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John Wilson


Book Notes

The French legacy of 1968, idiosyncratically assessed.

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"Is the life of the mind a history of interesting mistakes?" So Hugh Kenner asked in The Pound Era. More particularly, he wondered, "is the surest way to a fructive western idea the misunderstanding of an eastern one?" Something like Kenner's sense of historical irony informs Richard Wolin's interesting and curious new book. Wolin centers his attention on the Maoism that animated one influential faction of French students in the turmoil of May 1968 and gained sympathizers among leading intellectuals of the day. He freely acknowledges that the "China" these would-be revolutionaries celebrated with their paeans to Chairman Mao and his Cultural Revolution existed only in their heads; the reality was considerably more grim. And yet, he says, the long-term effects of this infatuation were clearly beneficent: "what began as an exercise in revolutionary dogmatism was transformed into a Dionysian celebration of cultural pluralism and the right to difference. At issue was a political learning process via which French youth cured itself of its infantile revolutionary longings in order to focus on more circumscribed tasks pertaining to the transformation of everyday life and the regeneration of civil society."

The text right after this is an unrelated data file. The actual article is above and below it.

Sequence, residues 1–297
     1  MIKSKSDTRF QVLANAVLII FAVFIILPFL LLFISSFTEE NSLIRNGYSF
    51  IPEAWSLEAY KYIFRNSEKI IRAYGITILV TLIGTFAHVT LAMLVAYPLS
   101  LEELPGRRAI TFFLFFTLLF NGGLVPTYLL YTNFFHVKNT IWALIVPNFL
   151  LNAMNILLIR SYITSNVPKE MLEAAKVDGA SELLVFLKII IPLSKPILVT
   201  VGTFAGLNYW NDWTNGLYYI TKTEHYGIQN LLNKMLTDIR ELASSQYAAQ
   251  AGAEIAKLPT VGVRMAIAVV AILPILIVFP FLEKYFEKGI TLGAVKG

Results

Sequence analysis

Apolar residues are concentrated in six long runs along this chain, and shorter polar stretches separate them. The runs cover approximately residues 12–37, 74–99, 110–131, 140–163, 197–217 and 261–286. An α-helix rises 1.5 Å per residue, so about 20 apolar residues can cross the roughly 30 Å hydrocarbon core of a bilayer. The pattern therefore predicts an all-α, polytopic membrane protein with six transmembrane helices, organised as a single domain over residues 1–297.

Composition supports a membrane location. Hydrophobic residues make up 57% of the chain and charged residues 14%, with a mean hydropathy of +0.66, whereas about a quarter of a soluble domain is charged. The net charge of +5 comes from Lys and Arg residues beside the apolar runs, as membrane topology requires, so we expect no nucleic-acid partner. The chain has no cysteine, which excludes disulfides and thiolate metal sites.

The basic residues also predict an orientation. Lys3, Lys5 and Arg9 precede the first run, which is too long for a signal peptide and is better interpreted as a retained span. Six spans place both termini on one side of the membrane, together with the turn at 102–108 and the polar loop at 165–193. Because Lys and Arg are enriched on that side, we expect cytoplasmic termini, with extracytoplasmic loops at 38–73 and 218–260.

Wolin's book can be added to the stack of recent studies attempting from one vantage point or another to reassess "the Sixties" with an eye on current affairs. Although he acknowledges, immediately after the passage quoted above, that "French Maoism cannot take sole credit for this salutary redirection of political energies," he says just a few pages later that "the May revolt effectuated a sweeping and dramatic transformation of everyday life" in France, and that exaggerated claim underlies the entire book. Large chunks of "everyday life" (including, not least, religious experience) are simply missing from his account. Moreover, even as he is documenting the delusions of the sixty-eighters—often with considerable wit, and with a seemingly encyclopedic familiarity—Wolin grants credence to their skewed perception of the status quo in France and in the West more generally.

Disagreements and exasperations aside, I found this book compulsively readable. The history of the Sixties is a long way from being exhausted.

John Wilson is the editor of Books & Culture.


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